In summary, because SEC separation is based on analyte hydrodynamic volume rather than MW and ideal analyte behaviour is often compromised by non-size effects, accurate estimation of MW using SEC requires the selection of calibrants that are chemically and structurally similar to the analytes of interest.34,38 Owing to their different molecular properties, PSS and SRHA are subject to different non-size effects and undergo different conformational changes in response to mobile phase compositional changes; we discuss this in detail in the ESI. As a result, although analysis conditions can be optimized for calibrant and analyte separately, conditions that are near-ideal for both are challenging to find. This challenge is magnified for BrC, which is a complex mixture of hundreds to thousands of organic compounds7 that differ in their three-dimensional structure, charge density, and hydrophobicity. Given these limitations, we do not use our SEC results to provide BrC MW estimates; instead, as described in the following sections, we use the identity and magnitudes of non-size effects observed under different mobile phase conditions to gain insight into BrC composition and properties.

3.2 Insights into BrC composition and properties from changes in mobile phase composition

3.2.1 Fresh peat combustion BrC differs from Suwannee River humic acid and ambient biomass burning BrC. Laboratory studies have shown that fresh PM emitted by the combustion of Alaskan duff core60 and Indonesian peat61 is weakly to non-hygroscopic. In this context, we hypothesized that our BrC sample, which was collected immediately above the combustion source, would be susceptible to hydrophobic interactions with the column matrix. To test this hypothesis, we examined its elution behaviour as a function of mobile phase organic modifier content.

As shown in Fig. 1b, the BrC chromatogram exhibited a “smeared” light absorption at 25% ACN, which persisted >15 min after the total permeation volume marker. Similar column retention was observed by Wong et al.,42 who subjected fresh BrC from laboratory pyrolysis of wood to SEC analysis using a 25 mM ammonium acetate buffer with 10% MeOH as mobile phase organic modifier. In our study, this smearing was significantly reduced at 50% ACN (Fig. 1d), which suggests that it arose from hydrophobic adsorption of BrC components at the surface of the column matrix. As illustrated in Fig. 1a and c, SRHA did not exhibit this smeared absorption, and was not influenced by these changes in mobile phase composition, which clearly highlights its limitations as a proxy for fresh biomass burning BrC.

image file: d1ea00011j-f1.tif
Fig. 1 Absorption density plots of SRHA and fresh biomass burning BrC (sampled via PILS, as described in the main text) as a function of mobile phase ACN content: (a) SRHA, 25% ACN; (b) BrC, 25% ACN; (c) SRHA, 50% ACN; (d) BrC, 50% ACN. In all cases, the remainder of the mobile phase was 20 mM phosphate buffer (pH 6.8).

Further comparison of the elution behaviour of our BrC sample to that of SRHA reveals that these samples also differ in their molecular size, compositional complexity, and light absorption profiles. At 50% ACN, for example, SRHA eluted as a single component, with featureless light absorption that decreased sharply with increasing wavelength (Fig. 1c). By contrast, under these conditions, our BrC sample eluted as two distinct fractions, both of which eluted later than SRHA: a high-MW fraction, the absorption profile of which resembled SRHA, and a low-MW fraction, which exhibited a structured absorption profile in the UV region (Fig. 1d). Since, as discussed above, this mobile phase composition effectively mitigated hydrophobic interactions between BrC and the column matrix, these observations suggest that the MW of our BrC sample is smaller than that of SRHA, and again underscores that SRHA is an unsuitable calibrant for fresh BrC.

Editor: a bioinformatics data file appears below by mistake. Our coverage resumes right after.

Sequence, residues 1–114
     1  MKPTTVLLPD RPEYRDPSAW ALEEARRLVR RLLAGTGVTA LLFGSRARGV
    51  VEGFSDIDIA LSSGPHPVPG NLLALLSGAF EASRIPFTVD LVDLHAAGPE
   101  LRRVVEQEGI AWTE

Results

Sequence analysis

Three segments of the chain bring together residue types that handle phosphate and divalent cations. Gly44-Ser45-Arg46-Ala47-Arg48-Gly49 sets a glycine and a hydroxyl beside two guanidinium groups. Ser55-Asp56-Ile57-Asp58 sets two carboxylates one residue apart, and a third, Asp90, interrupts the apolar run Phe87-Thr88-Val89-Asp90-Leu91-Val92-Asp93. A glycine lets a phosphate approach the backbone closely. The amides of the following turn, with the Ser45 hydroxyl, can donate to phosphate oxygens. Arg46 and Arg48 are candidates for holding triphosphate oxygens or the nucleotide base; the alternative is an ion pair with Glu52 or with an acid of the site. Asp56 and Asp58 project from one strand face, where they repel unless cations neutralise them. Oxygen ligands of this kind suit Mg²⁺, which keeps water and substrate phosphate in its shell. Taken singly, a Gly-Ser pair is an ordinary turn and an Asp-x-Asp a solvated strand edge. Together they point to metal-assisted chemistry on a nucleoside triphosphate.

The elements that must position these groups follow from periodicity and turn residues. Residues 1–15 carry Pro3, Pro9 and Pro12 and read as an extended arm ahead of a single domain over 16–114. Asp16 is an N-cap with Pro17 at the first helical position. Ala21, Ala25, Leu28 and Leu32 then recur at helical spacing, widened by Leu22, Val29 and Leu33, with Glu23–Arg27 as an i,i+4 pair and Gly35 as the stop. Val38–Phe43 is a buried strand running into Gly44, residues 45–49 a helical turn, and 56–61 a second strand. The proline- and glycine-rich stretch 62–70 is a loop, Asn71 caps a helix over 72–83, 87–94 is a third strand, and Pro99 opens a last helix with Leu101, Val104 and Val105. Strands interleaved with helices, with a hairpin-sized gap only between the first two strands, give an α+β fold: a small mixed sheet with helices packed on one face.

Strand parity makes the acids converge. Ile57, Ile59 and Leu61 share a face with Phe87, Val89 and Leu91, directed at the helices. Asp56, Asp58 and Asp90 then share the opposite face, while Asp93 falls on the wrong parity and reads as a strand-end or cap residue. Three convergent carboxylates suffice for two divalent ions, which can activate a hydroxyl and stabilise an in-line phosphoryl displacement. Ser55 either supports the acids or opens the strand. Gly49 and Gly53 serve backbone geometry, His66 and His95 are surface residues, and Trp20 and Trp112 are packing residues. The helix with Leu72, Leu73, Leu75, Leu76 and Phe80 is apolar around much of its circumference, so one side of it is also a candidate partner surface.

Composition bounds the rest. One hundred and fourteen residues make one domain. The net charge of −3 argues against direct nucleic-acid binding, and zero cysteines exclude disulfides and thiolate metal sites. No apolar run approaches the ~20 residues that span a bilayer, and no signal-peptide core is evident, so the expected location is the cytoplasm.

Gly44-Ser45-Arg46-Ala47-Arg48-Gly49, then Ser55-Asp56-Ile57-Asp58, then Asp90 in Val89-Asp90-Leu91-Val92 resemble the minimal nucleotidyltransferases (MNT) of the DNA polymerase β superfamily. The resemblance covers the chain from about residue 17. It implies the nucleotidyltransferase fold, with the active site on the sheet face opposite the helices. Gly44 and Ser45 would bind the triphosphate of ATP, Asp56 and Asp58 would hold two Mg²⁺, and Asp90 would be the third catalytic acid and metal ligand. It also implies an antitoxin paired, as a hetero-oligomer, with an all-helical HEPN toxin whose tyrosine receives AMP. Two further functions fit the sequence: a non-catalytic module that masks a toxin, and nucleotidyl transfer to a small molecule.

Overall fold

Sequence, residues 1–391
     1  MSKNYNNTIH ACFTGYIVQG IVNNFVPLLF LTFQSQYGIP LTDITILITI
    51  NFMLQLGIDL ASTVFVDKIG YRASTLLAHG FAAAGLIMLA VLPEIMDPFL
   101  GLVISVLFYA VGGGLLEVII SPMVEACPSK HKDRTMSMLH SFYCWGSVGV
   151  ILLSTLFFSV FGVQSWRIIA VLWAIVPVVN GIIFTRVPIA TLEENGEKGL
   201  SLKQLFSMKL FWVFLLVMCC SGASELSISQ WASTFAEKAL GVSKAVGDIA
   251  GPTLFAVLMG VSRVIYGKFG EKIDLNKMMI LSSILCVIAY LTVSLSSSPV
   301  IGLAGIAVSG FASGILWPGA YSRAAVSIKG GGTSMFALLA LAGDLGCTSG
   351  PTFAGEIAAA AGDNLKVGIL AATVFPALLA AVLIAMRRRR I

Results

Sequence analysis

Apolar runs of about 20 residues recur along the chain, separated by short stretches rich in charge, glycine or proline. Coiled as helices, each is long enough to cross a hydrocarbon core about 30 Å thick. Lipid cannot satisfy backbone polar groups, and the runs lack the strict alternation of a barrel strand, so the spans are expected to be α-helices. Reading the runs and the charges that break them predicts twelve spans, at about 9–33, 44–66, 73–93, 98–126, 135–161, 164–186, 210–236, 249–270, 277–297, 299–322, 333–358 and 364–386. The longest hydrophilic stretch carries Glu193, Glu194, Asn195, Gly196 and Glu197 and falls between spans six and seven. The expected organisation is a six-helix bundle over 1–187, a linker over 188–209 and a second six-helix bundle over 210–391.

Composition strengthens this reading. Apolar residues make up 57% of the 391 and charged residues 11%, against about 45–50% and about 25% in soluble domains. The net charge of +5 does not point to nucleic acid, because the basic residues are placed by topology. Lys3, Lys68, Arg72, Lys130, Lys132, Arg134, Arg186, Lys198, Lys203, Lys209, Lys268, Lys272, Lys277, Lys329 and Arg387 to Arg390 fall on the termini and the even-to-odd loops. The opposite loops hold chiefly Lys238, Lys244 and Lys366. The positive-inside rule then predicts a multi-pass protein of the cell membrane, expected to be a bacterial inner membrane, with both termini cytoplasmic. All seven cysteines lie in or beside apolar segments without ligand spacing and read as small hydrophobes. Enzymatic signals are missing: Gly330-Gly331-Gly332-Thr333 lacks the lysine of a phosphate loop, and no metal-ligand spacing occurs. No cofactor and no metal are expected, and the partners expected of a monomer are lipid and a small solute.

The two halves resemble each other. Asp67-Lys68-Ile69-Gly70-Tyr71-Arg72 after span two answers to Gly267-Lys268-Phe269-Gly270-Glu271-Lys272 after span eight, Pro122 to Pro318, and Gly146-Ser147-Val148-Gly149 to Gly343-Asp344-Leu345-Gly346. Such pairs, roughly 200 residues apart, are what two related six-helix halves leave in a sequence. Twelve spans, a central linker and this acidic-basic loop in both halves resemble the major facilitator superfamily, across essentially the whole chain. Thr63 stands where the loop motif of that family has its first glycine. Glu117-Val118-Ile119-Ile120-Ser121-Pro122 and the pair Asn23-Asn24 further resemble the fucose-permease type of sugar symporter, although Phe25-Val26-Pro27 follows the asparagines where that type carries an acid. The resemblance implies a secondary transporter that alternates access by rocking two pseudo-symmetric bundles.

To measure the size-resolved optical properties of BrC in the absence of a stationary phase and thereby verify that our conclusions were not specific to SEC analysis, we also analyzed BrC and Suwannee River natural organic matter (SRNOM) standard using a complementary technique, AF4. As shown in Fig. 2, although performed using a different mobile phase and with SRNOM rather than SRHA as comparative standard, AF4 shows similar results to those obtained using SEC. In particular, the measured molecular size of BrC (0.81 ± 0.02 kDa) determined via AF4 analysis was significantly smaller than that of SRNOM (1.20 ± 0.03 kDa). In addition, whereas the SRNOM eluted as a single peak with a relatively broad and featureless fluorescence emission maximum near 440 nm, the BrC sample again eluted as two distinct fractions. The first fraction, which eluted over a narrow size range, had a comparably lower MW and a narrow fluorescence maximum near 305 nm. In terrestrial/marine environments, this emission profile is typically attributed to tyrosine-like62 and/or polyphenolic63 fluorophores, but this may not be the case for atmospheric samples.64 The second fraction, which eluted over a broad size range, had a comparably larger MW and a broad fluorescence emission profile centred at 390 nm, the latter of which is consistent with emission by HULIS in ambient PM samples collected in Malaysia during periods of intense haze resulting from peatland fire emissions.65 Although further investigation of BrC using AF4 is certainly warranted, these results broadly verify the intrinsic complexity of BrC, as revealed by our SEC results.